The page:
For new hunters just getting started with pursuing deer

The amount of knowledge required can feel overwhelming. Important topics range from learning deer behaviour to scouting habitats, setting up stands, proper shot placement, and field dressing your harvest.

Understanding Deer Behaviour

The first step to becoming a successful deer hunter is understanding the deer you’re pursuing. Here’s an overview of key deer behaviours to know:

Feeding Patterns

Deer tend to feed most actively in the early morning before bedding down at midday. They get up to feed again intermittently in late afternoon until after dark. Place stands downwind of food sources at these times.


Deer rely on forests, marshlands, fields, and transition zones in between areas that meet their needs for feeding, bedding, shelter, mating, and rearing young. Scout habitats firsthand to pattern local deer movements.

Sense of Smell

A deer’s sense of smell is their primary defence against hunters. Always hunt into the wind, use scent masking tactics, and cover scents to avoid being detected.

Breeding Season

During the rut in autumn, when deer mate, buck patterns and behaviour will change, making them more active and aggressive. Use rattling techniques and scents to your advantage during rut season.

Scouting for Deer Signs

Scouting your hunting area ahead of time is crucial for determining where to ultimately set up stands with the best chance of deer encounters on opening day. Here’s what to look for while scouting:

Tracks and Trails

Regularly used deer trails will appear beaten down and contain tracks. Both indicate traffic patterns for traveling and feeding.

Droppings and Rubs

Fresh droppings signal deer recently passed through, while rubs on trees and scrapes on the ground demonstrate territorial marking.

Feeding Signs

Look for bare patches on the brush and acorns or other mast lying on the ground, confirming active food sources.

Bedding Areas

Areas with matted-down vegetation or crop depressions show where deer sleep. It is useful to identify, but avoid spooking.

Choosing Stand Placement

Using knowledge from scouting and observing local deer habits, the two most important factors for your deer stand placement are elevation and wind direction.


The highest safe vantage point possible allows you to see further landmarks that deer use. It also keeps your scent from easily reaching deer below.

Wind Direction

Deer stand placement must account for the predominant wind direction during times you hunt so it blows your scent safely away from areas where deer travel. Having adjustable stand locations for shifting wind is best.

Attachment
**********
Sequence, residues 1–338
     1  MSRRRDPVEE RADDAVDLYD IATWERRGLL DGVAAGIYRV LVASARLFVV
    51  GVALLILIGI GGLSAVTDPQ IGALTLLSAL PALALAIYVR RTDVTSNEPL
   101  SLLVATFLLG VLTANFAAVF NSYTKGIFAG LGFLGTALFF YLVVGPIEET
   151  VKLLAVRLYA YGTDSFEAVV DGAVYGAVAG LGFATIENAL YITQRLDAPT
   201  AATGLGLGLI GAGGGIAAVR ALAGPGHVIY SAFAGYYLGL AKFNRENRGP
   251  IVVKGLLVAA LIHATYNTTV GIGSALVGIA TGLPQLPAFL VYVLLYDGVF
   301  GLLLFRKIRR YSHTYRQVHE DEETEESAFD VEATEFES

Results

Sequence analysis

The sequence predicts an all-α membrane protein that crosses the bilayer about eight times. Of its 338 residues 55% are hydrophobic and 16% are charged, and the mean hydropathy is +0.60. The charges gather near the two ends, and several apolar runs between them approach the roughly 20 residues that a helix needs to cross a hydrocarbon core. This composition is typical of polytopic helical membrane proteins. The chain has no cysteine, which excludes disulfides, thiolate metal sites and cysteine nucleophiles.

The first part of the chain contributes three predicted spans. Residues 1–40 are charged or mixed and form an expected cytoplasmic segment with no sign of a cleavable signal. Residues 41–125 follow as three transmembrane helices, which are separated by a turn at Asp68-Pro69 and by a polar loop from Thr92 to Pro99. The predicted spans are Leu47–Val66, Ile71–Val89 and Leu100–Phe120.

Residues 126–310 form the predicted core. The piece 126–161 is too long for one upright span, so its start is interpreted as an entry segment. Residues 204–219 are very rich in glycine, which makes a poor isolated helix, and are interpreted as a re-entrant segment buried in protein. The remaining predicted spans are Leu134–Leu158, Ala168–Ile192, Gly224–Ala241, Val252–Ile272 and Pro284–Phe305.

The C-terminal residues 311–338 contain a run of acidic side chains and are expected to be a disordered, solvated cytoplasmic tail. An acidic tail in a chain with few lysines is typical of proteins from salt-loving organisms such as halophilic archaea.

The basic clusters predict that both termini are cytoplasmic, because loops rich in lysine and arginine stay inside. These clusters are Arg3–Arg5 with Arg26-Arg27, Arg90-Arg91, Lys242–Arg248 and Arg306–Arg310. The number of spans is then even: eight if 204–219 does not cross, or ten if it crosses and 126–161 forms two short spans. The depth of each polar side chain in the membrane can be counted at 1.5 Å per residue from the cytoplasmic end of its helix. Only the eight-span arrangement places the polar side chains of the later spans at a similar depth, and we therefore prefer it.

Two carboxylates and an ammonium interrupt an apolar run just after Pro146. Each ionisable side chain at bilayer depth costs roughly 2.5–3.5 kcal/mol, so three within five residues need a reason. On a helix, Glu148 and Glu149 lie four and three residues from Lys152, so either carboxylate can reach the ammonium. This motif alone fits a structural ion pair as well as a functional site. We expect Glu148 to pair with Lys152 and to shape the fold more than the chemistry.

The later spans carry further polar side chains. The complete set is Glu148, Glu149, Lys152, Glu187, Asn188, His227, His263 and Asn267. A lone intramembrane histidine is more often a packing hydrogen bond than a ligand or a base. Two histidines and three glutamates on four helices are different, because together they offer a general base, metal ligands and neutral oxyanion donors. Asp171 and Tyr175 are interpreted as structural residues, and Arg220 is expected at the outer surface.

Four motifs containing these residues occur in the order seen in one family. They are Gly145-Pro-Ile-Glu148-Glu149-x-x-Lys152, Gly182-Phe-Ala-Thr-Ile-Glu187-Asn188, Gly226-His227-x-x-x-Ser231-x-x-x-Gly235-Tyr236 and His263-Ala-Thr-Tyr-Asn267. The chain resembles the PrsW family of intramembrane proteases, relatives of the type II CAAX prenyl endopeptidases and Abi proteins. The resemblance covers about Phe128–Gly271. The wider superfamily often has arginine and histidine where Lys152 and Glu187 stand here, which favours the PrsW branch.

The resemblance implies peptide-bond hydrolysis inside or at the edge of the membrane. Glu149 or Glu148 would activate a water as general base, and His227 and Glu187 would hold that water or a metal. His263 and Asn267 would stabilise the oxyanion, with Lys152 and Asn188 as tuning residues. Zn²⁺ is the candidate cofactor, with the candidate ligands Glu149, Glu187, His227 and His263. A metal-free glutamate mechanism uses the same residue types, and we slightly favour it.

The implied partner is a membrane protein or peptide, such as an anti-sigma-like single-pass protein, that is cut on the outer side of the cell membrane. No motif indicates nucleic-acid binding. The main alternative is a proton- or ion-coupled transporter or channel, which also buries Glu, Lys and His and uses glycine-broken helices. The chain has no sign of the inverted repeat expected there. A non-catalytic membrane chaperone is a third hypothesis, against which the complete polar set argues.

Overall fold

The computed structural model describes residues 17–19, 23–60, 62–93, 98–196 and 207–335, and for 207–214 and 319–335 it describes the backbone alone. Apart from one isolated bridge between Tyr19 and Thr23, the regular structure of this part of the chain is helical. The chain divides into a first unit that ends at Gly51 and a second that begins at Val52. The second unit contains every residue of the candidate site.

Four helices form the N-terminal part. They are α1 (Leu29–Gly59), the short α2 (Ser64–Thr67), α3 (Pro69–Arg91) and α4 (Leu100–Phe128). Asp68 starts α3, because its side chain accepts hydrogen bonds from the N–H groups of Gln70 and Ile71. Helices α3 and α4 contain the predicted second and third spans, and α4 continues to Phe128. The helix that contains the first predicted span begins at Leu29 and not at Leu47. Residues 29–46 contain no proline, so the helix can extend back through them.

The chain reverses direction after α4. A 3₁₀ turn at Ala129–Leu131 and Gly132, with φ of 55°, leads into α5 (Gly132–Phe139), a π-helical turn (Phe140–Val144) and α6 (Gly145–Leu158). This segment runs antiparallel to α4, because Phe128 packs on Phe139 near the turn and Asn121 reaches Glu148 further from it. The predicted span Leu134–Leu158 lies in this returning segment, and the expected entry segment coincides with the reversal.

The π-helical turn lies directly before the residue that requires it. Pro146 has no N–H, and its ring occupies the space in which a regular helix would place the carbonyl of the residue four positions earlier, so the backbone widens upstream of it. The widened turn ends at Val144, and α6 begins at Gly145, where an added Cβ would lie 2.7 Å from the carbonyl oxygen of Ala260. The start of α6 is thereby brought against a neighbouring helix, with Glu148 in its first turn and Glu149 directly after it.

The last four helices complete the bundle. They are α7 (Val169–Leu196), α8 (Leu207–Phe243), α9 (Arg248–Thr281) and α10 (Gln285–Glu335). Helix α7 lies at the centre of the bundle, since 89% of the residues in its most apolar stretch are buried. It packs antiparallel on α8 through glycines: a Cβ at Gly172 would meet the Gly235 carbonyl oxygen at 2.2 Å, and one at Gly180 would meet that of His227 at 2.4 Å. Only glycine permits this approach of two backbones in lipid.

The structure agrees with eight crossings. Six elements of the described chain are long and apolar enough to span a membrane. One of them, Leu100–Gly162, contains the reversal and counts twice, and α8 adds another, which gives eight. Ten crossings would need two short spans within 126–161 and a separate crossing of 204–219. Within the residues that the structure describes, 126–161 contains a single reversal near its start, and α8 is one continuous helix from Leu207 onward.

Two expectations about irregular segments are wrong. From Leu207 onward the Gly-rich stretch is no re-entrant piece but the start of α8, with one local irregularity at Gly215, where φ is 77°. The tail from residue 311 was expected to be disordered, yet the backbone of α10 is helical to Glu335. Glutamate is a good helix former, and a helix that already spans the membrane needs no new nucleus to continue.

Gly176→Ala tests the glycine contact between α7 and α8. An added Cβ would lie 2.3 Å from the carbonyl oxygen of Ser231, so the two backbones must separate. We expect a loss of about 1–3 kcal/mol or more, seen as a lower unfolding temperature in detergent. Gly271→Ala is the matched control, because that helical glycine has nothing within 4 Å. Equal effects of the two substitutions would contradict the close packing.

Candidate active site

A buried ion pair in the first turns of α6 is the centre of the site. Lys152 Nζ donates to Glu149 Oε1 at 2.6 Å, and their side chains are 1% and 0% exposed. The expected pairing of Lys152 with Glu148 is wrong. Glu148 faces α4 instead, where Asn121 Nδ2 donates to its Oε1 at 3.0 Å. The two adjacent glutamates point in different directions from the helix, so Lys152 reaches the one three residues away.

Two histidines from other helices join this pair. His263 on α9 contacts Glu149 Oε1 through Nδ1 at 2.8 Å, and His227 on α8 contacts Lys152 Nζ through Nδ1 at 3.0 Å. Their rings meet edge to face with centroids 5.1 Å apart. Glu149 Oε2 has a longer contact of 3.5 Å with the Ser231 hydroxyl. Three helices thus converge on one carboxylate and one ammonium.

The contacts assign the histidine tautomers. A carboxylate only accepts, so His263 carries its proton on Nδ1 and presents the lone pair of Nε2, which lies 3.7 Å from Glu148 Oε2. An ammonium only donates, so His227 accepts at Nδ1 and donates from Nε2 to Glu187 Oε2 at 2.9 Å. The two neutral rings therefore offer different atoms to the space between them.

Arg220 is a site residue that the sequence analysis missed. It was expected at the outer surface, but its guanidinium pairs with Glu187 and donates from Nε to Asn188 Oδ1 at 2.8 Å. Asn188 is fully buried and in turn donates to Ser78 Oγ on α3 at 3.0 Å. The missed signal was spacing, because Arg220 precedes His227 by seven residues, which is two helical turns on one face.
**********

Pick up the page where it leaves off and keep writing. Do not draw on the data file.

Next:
Effective Shot Placement

Before the hunt, practice extensively at the shooting range with your firearm, crossbow, or bow. When deer present a shot opportunity, these rules ensure a clean, ethical kill:

  • Broadside: Behind front shoulder, through vitals
  • Quartering Away: Midway up from back leg into vitals
  • Head On: Centre just above eyes angling towards vitals

Pass on any shots with the risk of only wounding the deer. Stay calm and focused on proper shot placement.

Field Dressing Deer

After successfully harvesting a deer, proper field dressing is important for both meat care and hunter safety when butchering an animal. Follow these steps:

  1. Tag Deer: Attach your name and permit number immediately.
  2. Hang Deer: String up deer upside down, about 5 feet high, to aid bleeding.
  3. Protect yourself: Wear rubber gloves and eye protection when dressing deer.
  4. Cut Hide: Starting at the sternum, cut down the belly through the hide but not the organs.
  5. Remove Entrails: Cut around the anus and reproductive organs. Be careful not to cut organs. Pull downward out of the cavity.
  6. Drain Blood: Allow deer to completely bleed out before moving.
  7. Transport Deer: Get the dressed deer cooled down to the proper temperature as quickly as possible.

Proper field dressing preserves the majority of meat for later processing and consumption. Never waste anything from a harvest.

That covers most of the deer hunting basics needed to get started. Always review local regulations thoroughly as well. Deer hunting is an extremely rewarding tradition and a puttable food source carried on by generations of hunters. Following sound preparation and ethical hunting practices ensures that you’ll carry on that proud tradition. Good luck on your first deer hunt! Enjoy Hunting Life.

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